Self-organization And Resource Allocation In Wireless Sensor Networks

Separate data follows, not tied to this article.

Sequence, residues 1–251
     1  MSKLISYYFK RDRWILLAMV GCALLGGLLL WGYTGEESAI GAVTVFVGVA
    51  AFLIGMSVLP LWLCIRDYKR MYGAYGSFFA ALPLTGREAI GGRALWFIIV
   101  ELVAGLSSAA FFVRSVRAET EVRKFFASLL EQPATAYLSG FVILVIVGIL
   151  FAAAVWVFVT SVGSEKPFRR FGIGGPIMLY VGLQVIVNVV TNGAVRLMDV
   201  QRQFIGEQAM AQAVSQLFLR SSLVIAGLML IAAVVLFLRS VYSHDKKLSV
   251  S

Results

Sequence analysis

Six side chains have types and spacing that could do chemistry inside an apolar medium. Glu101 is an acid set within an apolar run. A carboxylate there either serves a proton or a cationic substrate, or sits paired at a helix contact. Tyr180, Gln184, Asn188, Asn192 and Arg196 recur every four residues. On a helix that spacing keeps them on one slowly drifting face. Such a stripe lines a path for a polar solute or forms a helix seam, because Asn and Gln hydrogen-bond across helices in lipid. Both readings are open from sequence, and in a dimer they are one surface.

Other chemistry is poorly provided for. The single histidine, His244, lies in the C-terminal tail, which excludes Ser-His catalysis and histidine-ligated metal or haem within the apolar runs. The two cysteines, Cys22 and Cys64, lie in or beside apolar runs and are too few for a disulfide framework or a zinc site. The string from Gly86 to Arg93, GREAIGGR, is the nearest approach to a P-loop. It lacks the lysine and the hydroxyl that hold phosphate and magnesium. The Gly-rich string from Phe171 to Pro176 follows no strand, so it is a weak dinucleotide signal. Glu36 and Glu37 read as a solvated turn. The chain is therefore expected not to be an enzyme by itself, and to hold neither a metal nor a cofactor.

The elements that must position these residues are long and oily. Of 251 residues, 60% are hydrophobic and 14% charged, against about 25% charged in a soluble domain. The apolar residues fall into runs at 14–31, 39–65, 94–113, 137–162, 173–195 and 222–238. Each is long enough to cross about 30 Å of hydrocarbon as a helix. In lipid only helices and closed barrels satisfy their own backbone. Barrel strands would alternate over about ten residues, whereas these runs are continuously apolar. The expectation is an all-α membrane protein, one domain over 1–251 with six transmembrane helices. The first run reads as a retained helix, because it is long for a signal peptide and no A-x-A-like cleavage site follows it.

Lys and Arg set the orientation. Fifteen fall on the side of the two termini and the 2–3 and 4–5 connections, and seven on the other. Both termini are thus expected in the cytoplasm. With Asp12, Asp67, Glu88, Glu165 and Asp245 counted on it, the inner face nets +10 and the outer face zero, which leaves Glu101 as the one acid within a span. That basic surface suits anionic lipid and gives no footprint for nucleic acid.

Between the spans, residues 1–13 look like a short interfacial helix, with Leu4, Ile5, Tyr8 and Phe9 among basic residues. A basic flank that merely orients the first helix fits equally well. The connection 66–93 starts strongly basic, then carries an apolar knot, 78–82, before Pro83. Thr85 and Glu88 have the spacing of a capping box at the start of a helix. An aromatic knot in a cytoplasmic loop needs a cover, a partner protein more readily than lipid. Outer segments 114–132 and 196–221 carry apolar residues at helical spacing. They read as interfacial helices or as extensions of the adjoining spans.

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In this dissertation, we utilize clustering to organize wireless sensors into an energy-efficient hierarchy. We propose a Medium-Contention Based ClusterHeadship Auction (MCCHA) scheme, through which sensors self-organize themselves into energy-efficient clusters by bidding for cluster headship. This scheme is based on a new criterion that can be used by each sensor node to make a distributed decision on whether electing to be a cluster head or a non-head member, which is a fully distributed approach. Although MCCHA uses only local information, it achieves better performance in terms of effective lifetime and Data/Energy Ratio compared with native LEACH, which relies on other routing algorithms to access global information. A complementary exponential data correlation model is also introduced to simulate different data aggregation effect. To better understand the clustering issue in wireless sensor networks, we model the end-to-end distance for a given number of hops in dense planar Wireless Sensor Networks in this dissertation. We derive that the single-hop distance and postulate Beta distribution for 2-hop distance shows Beta distribution for two hops. The multi-hop distance approaches Gaussian when the number of hops is three or greater. Our error analysis also shows the distance error can be minimized by exploiting the distribution knowledge. Based on this model, we propose a Maximum Likelihood decision to decide to the number of hops given the distance between two nodes. Due to the computational complexity of conditional pdf of the number of hops given the distance, we also propose an attenuated Gaussian approximation for the conditional pdf. We show that the approximation visibly simplifies the decision process and the error analysis. The latency and energy consumption estimation are also included as application examples. Simulations show that our approximation model can predict the latency and energy consumption with less than half RMSE, compared to the linear models. In this dissertation, we also study the optimal cluster size in Underwater Acoustic networks. Due to the sparse deployment and channel property, the clustering characteristics of UA is different from that of aerial sensor networks. We show that the optimal cluster size is also relevant to the working frequency of the acoustic transmission.